The day I have no alternative but to download 15-30gb games through a cable is the day I stop buying games.

I don't think I'd ever pay 60 bucks for a DLC only game. The problem with the digital market is that despite Steam's lovely numbers, all of those games selling like mad are either being temporarily used by the user (trial versions) or are going for a cheap price. Although games are certainly adapting by being shorter and quirkier for this new market, I don't see games as we know them today surviving in it. DLC moves a different kind of product entirely.

L.B. Jeffries:
I don't think I'd ever pay 60 bucks for a DLC only game. The problem with the digital market is that despite Steam's lovely numbers, all of those games selling like mad are either being temporarily used by the user (trial versions) or are going for a cheap price. Although games are certainly adapting by being shorter and quirkier for this new market, I don't see games as we know them today surviving in it. DLC moves a different kind of product entirely.

Yup. I don't mind dropping 10 dollars or so on DLC content (game, extra content, whatever), because... it's 10 bucks. Even if the game sits on my hard drive and never gets played for years afterwards, that's okay. But I like the option of loaning / selling a game if I'm going to spend 60 dollars for it new. It's a bit ridiculous to assume that a game will retain value and interest for its original buyer; selling in a non-portable, non-transferable form will only mean that the average gamer will play fewer games overall.

Christian Ward:
The Digital Pimp

The industry desperately wants digital distribution to happen - but should the customers?

Permalink

I have many concerns with digital downloads and the transfer of ownership and the control of downloadable content which can be updated to our consoles without knowing the details and the possibility of reversion to a previous iteration.

Prices should come down with overheads but without the incentive of stock to push out older games companies will have no reason to reduce price.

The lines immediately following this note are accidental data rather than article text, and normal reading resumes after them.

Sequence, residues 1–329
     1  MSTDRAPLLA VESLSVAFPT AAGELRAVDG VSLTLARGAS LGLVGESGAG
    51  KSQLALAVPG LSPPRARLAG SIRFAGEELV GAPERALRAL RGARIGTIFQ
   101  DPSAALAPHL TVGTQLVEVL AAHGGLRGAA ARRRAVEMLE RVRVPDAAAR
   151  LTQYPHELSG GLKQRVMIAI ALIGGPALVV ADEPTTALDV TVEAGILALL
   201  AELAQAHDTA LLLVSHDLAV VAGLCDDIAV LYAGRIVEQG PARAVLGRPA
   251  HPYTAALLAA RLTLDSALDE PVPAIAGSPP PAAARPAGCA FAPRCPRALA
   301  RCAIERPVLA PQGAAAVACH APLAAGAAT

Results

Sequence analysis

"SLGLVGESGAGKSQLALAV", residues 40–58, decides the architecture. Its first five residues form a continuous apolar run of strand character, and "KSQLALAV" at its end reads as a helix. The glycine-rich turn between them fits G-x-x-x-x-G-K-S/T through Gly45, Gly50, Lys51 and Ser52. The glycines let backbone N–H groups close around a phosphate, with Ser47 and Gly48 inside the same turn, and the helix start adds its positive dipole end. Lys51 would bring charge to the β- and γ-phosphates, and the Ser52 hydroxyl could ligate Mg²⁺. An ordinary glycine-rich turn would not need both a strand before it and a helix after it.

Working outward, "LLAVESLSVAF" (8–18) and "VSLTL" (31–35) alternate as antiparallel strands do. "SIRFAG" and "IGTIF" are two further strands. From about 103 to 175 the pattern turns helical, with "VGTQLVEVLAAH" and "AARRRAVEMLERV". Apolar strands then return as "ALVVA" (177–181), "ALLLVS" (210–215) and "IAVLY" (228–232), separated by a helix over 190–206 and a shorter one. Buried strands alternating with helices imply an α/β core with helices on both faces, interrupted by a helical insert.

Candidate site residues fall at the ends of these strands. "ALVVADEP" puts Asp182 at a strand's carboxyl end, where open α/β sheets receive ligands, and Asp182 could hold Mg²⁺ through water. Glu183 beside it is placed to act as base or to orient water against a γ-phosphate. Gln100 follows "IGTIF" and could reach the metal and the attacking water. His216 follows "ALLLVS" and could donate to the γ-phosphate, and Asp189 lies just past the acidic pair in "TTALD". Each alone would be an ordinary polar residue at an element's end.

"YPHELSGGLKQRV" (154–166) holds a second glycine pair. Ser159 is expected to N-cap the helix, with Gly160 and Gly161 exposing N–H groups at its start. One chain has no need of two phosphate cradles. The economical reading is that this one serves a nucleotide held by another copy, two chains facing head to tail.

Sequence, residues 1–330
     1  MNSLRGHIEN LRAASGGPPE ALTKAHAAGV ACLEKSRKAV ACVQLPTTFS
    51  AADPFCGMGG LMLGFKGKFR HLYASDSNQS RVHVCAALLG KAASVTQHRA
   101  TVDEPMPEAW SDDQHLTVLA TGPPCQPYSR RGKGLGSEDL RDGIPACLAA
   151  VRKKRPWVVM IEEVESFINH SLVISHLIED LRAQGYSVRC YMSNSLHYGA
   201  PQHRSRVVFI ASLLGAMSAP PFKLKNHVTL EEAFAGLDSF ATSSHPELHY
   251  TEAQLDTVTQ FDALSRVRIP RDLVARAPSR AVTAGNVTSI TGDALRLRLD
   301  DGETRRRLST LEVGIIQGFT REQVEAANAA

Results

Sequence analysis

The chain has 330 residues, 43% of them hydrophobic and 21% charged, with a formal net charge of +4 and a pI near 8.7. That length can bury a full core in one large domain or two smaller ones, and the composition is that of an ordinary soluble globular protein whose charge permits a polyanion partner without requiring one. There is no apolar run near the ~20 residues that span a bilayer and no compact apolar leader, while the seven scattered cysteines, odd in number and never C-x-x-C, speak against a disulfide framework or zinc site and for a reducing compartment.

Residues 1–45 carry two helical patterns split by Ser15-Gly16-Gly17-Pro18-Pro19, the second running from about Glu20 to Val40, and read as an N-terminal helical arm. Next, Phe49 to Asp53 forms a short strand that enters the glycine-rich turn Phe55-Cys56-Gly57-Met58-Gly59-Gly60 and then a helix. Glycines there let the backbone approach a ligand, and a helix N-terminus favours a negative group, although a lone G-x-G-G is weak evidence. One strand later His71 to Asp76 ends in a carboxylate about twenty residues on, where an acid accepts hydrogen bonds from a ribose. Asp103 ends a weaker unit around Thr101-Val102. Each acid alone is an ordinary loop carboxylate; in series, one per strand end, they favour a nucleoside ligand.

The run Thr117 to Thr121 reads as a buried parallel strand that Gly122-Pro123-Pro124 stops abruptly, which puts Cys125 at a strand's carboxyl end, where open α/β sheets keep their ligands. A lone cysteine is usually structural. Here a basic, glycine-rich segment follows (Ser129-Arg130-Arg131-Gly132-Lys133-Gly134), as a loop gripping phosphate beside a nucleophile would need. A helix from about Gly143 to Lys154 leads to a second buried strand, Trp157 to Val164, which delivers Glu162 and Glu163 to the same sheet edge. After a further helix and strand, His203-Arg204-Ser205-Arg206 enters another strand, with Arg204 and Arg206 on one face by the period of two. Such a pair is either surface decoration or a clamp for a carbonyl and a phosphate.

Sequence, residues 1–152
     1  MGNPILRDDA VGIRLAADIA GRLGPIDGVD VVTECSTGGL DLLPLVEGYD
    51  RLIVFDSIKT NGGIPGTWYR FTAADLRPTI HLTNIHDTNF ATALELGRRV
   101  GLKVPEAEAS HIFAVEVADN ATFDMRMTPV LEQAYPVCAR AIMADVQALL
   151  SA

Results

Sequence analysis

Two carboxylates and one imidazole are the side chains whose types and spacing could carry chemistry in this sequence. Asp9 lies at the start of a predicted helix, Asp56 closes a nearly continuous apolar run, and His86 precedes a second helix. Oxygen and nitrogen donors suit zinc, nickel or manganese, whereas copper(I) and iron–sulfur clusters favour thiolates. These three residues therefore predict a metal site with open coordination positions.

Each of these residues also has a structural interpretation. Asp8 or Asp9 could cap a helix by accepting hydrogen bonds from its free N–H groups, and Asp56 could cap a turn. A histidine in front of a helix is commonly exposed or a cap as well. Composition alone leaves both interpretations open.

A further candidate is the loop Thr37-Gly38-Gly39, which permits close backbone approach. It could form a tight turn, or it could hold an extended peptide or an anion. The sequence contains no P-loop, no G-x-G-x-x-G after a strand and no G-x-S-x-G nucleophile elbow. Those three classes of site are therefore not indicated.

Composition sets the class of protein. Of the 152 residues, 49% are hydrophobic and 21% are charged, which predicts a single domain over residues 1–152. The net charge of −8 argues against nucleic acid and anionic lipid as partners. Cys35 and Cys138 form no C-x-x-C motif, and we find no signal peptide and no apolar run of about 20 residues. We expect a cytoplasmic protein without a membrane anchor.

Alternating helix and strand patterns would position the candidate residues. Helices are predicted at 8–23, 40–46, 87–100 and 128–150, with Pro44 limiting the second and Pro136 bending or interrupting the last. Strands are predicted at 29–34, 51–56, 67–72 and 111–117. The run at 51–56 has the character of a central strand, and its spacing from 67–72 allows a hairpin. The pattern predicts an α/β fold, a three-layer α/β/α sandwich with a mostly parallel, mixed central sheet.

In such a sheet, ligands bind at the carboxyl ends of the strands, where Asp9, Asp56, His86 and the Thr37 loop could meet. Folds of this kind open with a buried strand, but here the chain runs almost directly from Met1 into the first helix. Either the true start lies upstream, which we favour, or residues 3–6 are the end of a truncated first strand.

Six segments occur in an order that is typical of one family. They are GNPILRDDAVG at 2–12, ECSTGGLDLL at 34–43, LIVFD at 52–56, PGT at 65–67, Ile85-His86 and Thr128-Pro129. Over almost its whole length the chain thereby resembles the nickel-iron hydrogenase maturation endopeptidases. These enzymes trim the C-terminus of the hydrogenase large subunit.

I see the future as expensive and out of our hands.

I personally am against digital distribution being the only means to own a game, I don't trade in my games much but like the collections of games I have on my shelfs. I also hate the inability to loan my game to a friend, its happened twice already this year I lent my game to a friend and he then bought it, so isn't that a plus for the industry? If digital distribution becomes the only way to own a game then I will stop owning games, I will get new hobbies.

So to answer the question directly, consumers should not want digital distribution.

If I'm going to be spending more time in Australia, I'd be infinitely worried about my bandwidth limit when downloading games. East/South East Asia is pretty generous with its bandwidth (namely, none), but most of the world does not have that kind of network infrastructure. Digital distribution would literally limit the amount of purchase that people can make even if they have all the money in the world.

I've bought 2 full retail games DL style. HL2 because for an extra small fee I was given access to most of Valve's back catalog of games. The other game was Burnout Paradise on PSN for 30 bucks which was the same price I could have bought in a disc. Why? It was convenient and the game loads of my HDD instead of a disc insuring smaller loading times and the insurance I will never scratch my disc.